I have been following the Pope’s trip to Croatia, my homeland. And I have been touched by many things in my heart and my mind watching images and hearing words that made me think very deeply about the most important things in my life. But this is my life, and is not your business, so I’m not going to bother you with that. Only I wanted to share three moments:
Silence in prayer: In the meeting with young people last saturday, at the end, the Pope presided the adoration of the Holy Sacrament, then, 50.000 youngsters were there with him kneeling praying in silence from about 8 minutes. The silence was so intense, that one could hear the sound of the birds, some coughs (most of the people have been waiting under the rain for hours to be there). It was an act of deep devotion and prayer, all together with the Pope, the nowadays St. Peter, Rock of the Church elected by Jesus Christ to guide his people. That was after a feast of signing, testimonies, ovations, cheering, the expected behavior of the young people. And after a very challenging message from the Pope for them, calling for their responsibility and their faith made compromise and facts in this troubled world.
Faith with reason: I love when I hear talk this Pope about faith and reason. It’s so simple, that sometimes is hard to catch it. Our reason is a gift by God our Creator, so there is no fight, no contradiction if there is an honest conscience searching for the truth. And then, we can understand many things in what we believe if we want study them. Our faith isn’t unreasonable. He put the example of a Croatian Jesuit from the 18th century, Father Ruđer Bošković.
The experts – said the Pope- say that his theory of “continuity”, which holds true both in the natural sciences and in geometry, accords well with some of the great discoveries of modern physics. What are we to say? Let us pay tribute to the illustrious Croat, but also to the true Jesuit; let us pay tribute to the cultivator of truth who knows how far the truth surpasses him, but who also knows, in the light of truth, how to engage fully the resources of reason with which he has been endowed by God himself.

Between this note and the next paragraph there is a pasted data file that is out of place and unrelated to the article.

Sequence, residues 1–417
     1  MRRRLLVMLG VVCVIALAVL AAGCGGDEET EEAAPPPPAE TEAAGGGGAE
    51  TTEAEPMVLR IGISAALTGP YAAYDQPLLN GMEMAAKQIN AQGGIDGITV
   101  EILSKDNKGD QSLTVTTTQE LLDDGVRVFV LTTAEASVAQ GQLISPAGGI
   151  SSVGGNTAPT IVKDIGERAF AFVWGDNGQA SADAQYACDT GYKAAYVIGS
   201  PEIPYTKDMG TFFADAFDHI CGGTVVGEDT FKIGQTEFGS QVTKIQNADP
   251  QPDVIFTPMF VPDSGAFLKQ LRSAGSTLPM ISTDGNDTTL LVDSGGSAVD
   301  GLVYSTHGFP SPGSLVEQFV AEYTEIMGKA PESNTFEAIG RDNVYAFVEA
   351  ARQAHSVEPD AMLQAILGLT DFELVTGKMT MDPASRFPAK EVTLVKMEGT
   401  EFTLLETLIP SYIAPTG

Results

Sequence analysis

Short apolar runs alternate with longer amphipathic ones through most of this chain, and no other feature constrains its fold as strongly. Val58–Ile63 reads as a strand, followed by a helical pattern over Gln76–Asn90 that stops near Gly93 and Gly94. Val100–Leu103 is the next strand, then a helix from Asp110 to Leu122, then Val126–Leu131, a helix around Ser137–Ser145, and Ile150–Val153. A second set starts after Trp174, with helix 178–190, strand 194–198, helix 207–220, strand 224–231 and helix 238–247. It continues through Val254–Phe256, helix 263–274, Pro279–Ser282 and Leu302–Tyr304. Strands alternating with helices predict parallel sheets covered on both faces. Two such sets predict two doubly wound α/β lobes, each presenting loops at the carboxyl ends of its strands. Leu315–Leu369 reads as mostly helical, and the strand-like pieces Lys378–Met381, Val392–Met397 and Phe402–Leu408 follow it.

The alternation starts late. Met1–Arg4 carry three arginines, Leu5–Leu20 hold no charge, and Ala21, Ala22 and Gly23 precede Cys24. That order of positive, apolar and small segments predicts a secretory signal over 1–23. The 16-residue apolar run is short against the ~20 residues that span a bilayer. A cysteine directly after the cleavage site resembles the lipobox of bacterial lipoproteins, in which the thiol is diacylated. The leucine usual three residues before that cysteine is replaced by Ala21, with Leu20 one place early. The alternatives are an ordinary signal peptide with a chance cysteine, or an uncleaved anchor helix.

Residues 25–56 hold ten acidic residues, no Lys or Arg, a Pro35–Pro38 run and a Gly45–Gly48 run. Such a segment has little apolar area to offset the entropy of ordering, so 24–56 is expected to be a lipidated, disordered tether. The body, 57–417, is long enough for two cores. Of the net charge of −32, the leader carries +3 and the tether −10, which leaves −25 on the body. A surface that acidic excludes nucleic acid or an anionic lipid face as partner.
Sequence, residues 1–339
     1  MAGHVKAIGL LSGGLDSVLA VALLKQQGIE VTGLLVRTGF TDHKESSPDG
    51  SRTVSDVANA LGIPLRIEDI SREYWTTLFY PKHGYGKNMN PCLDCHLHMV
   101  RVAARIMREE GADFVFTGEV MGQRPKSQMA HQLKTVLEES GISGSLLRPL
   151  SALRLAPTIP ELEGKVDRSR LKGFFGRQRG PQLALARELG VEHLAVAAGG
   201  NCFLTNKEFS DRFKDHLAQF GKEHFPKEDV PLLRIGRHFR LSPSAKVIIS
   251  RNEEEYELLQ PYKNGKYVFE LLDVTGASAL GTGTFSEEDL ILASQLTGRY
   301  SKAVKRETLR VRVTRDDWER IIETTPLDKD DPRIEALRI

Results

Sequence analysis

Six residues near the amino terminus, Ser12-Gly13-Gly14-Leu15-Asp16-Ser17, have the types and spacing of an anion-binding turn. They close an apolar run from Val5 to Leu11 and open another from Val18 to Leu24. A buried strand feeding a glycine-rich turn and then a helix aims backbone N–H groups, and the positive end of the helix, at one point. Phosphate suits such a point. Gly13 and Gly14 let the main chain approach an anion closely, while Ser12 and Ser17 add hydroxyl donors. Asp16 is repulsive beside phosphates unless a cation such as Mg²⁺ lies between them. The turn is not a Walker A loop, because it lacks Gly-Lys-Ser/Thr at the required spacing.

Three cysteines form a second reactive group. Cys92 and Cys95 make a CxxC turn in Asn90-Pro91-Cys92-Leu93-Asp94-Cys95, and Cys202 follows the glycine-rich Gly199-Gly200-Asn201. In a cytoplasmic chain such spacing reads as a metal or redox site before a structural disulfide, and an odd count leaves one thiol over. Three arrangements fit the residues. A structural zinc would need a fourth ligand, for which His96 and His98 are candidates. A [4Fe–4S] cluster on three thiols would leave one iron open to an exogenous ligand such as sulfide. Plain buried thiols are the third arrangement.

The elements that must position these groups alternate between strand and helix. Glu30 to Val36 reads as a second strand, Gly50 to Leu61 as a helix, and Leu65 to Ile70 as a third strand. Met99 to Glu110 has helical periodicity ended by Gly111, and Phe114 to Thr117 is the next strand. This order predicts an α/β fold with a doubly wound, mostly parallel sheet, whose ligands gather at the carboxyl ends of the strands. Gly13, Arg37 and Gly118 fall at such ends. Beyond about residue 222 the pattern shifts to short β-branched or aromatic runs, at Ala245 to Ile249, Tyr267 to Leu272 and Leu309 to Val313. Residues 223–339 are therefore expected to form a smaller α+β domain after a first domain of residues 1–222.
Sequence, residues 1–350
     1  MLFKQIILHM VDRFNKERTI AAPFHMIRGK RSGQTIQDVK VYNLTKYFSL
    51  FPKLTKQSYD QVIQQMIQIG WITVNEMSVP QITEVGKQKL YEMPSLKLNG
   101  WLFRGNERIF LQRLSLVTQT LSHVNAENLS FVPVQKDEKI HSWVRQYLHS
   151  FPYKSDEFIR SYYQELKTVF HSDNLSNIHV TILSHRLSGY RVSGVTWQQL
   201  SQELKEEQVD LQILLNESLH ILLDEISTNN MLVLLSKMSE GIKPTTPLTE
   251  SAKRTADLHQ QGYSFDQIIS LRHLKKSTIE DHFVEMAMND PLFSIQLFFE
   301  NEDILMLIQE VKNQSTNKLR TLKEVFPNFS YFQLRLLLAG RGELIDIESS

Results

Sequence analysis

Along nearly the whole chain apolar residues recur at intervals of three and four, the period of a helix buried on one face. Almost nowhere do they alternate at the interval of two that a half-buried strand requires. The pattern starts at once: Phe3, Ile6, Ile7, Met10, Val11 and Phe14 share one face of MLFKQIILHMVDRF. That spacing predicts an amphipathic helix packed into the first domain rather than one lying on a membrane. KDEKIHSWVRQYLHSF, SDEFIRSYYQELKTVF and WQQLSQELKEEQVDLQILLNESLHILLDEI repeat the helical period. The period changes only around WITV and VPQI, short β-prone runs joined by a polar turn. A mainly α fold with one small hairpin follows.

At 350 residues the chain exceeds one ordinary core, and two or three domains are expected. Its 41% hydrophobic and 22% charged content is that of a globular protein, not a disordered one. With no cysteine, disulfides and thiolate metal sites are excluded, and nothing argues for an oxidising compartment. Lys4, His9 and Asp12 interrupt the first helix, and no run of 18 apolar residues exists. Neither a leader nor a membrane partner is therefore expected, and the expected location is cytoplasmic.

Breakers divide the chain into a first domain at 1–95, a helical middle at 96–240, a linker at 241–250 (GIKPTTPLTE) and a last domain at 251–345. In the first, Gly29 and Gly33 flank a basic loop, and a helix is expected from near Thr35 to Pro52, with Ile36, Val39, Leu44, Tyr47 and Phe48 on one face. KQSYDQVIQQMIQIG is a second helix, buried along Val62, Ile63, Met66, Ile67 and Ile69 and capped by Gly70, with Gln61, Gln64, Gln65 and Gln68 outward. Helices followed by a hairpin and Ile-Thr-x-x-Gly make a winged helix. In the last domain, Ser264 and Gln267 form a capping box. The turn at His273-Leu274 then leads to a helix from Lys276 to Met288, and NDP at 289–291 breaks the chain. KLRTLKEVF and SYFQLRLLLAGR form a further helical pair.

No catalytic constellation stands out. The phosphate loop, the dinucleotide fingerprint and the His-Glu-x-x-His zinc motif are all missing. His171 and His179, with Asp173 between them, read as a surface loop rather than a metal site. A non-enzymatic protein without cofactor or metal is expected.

Peace: At the end of the Mass for the families in Zagreb, the Pope saluted in various languages of the neighbors countries, first salute for the Serbians, in front of 400.000 or so Croatians gathered around. A big ovation. Then for the Slovenians, de Macedonians, the Albanians (Kosovars)… ovations for all of them. There is hope.
Stepinac: The Pope also prayed at the memorial of Blessed Cardinal Stepinac, Archbishop of Zagreb during WWII and more than two decades of communist regime. The Pope set the record straight about his figure many times trashed by the common clichés about that ugly war that in my opinion is ending now
This evening – said the Pope – we gather for a devoted and prayerful remembrance of Blessed Alojzije Stepinac, a fearless Pastor and an example of apostolic zeal and Christian fortitude, whose heroic life continues today to illuminate the faithful of the Dioceses of Croatia, sustaining the faith and life of the Church in this land. The merits of this unforgettable Bishop are derived essentially from his faith: in his life, he always had his gaze fixed on Jesus, to whom he was always conformed, to the point of becoming a living image of Christ, and of Christ suffering. Precisely because of his strong Christian conscience, he knew how to resist every form of totalitarianism, becoming, in a time of Nazi and Fascist dictatorship, a defender of the Jews, the Orthodox and of all the persecuted, and then, in the age of communism, an advocate for his own faithful, especially for the many persecuted and murdered priests. Yes, he became an advocate for God on this earth, since he tenaciously defended the truth and man’s right to live with God.
Blessed Stepinac suffered, as many Christian and Jews in central and eastern Europe, a big drama unknown by the west. They were oppressed by dictators pro fascists or nazis and “liberated” by communists who installed dictatorships and resumed the persecution. And he, as head of the Roman Catholic Church in Croatia and Yugoslavia paid that with his freedom and finally his life, because he wouldn’t accept the offer to founded a “national church” independent from Rome as the regime wanted. Both sides tried to manipulated him. He didn’t let them. It’s a shame that this complicated situation doesn’t match in the simplified scheme of good guys versus bad guys of that war. Is the all times mistake of write the history from the view of the politicians without the reality of the lives and the rights of the people living there.
Pope Benedict XVI